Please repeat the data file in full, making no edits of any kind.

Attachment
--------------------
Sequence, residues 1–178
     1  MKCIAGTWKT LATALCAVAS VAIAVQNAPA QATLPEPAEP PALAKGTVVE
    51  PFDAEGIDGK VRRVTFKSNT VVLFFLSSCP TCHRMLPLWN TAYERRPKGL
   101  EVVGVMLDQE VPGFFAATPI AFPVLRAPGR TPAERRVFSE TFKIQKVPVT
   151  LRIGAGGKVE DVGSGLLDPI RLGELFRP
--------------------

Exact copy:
Sequence, residues 1–178
     1  MKCIAGTWKT LATALCAVAS VAIAVQNAPA QATLPEPAEP PALAKGTVVE
    51  PFDAEGIDGK VRRVTFKSNT VVLFFLSSCP TCHRMLPLWN TAYERRPKGL
   101  EVVGVMLDQE VPGFFAATPI AFPVLRAPGR TPAERRVFSE TFKIQKVPVT
   151  LRIGAGGKVE DVGSGLLDPI RLGELFRP